Dreidel, dreidel, dreidel, it's not just made of clay. Dreidel, dreidel, dreidel. . . .

Wait, there's no rhyme that describes the 127 dreidels - made of all types of materials, in all manner of styles - that decorate collector Morton "Mickey" Langsfeld's Abington Township home.

It's a fitting assemblage of traditional toys played with during Hanukkah, the Jewish Festival of Lights, for a house that's filled with light.

And where there is light, there often is joy.

"Dreidels just always brought happy thoughts to me. They send me across my childhood to my present," says Langsfeld, 67, a retired Center City dentist.

He and his wife, Judy, live in a California-style rancher, built in 1950 from a plan in Sunset magazine, which features large south-facing windows that allow the sun to pour into the rooms.

They bought the three-bedroom house on 13/4 acres 40 years ago, when they had no children. As their family grew, they used prefabricated 4-foot-by-8-foot sections to expand it into a modern, consistent-looking design that capitalizes on natural light.

It is a melding of house, home and Hanukkah past, present and future.

In 1984, Langsfeld walked into the National Museum of American Jewish History in Center City and saw three elaborate dreidels for sale, including an example with intricate sterling-silver filigree on its sides. It was the first time he had seen one other than the simple wood or plastic dreidels he played with as a child growing up in Elkins Park.

"I had never collected anything. It really brought back memories," he says.

Thus a hobby began, fostered by gifts from friends and family and purchases Langsfeld made himself when traveling.

A dreidel is a spinning top that sports Hebrew letters on four sides. The letters determine the players' fate in the game, ranging from having to put something in the "pot" to winning it all. Chocolate coins, raisins and nuts are popular betting chips.

One theory of the toy's origin is that it emerged during the era of the Greek-Syrians' control of ancient Israel, which connects it to the beginnings of Hanukkah. The Greek-Syrians barred Jews from studying the Torah, so they did their scholarship secretly. To guard their secret when someone approached, the Jews hid their texts and pulled out dreidels.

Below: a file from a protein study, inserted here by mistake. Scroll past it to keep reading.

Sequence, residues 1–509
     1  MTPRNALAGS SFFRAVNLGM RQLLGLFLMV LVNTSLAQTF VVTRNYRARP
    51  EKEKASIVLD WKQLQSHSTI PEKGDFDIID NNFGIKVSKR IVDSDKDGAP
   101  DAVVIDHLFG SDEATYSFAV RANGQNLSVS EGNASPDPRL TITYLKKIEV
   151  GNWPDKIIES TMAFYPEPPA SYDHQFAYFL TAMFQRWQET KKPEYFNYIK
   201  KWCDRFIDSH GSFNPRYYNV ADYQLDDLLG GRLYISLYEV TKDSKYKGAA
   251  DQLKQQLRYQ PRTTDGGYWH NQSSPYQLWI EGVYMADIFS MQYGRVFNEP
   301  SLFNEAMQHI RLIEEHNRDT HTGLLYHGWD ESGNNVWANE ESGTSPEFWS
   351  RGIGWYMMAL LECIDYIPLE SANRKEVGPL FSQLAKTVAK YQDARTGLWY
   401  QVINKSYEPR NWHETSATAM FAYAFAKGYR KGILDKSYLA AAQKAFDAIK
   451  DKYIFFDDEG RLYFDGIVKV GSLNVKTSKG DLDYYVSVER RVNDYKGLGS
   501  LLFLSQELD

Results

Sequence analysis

Langsfeld's favorite dreidel is one of those first three - the handmade sterling dreidel with filigree sides. It also has a hinged top that opens so the hollow dreidel can hold sweet-smelling spices used to mark the end of the Sabbath during the Havdalah service.

"I just love the workmanship on this," he says as he gently picks up the piece and points to the filigree.

Another favorite is the clay dreidel his now-grown daughter, Elizabeth, made when she was 13, using one of her father's first acquisitions as a model.

Langsfeld calls a red-wine-colored dreidel made of brass and clay "the four matriarchs dreidel," because the names of Rebecca, Leah, Rachel and Sarah adorn it.

He smiles as he takes the lid off another dreidel, large and brightly painted. Inside is a smaller version, and inside that a smaller one still, like stacking Russian matryoshka dolls.

There's a dreidel made from hand-carved ebony with silver letters, and one using silver, acrylic and sapphire in a striped pattern. There are round dreidels made of porcelain and a modernistic dreidel made of copper, brass, steel and fused glass.

A dreidel that looms over the others in size, made of copper, steel and paper with drawings on it, forced Langsfeld to change his rules about what he would collect. Until that example, he acquired only dreidels that would spin. This one didn't, so he decided to collect dreidels different from the ones he already had.

Among his most recent additions is a dreidel that's certainly different: The letters are in Braille.

Before 1948, the letters stood only for words meaning "A great miracle happened there," a reference to the small amount of oil that lasted eight days (the length of Hanukkah) in the Temple in Jerusalem during the second century B.C.

When the modern-day nation of Israel was born, the letter that stood for the word there was changed to here, so dreidels sold in Israel say, "A great miracle happened here."

The dreidel Langsfeld bought in Israel has an insert for either word.

Just as Morton and Judy Langsfeld are nostalgic about playing dreidel when they were young, their children have dreidel memories of their own. Back then, the Langsfelds always hosted a big Hanukkah party.

Judy Langsfeld recalls putting two posters on the wall for those parties. One had the recipe for the potato latkes served, the other had the rules for playing dreidel.

They will make new memories with their children and two grandchildren this year when they get together for the holiday, which begins Sunday. But the fancy dreidels will stay in their lucite cases.

Instead, the little ones, ages 6 and 3, will revel in eight colorful plastic tops, Morton Langfeld says: "good, old-fashioned dreidels."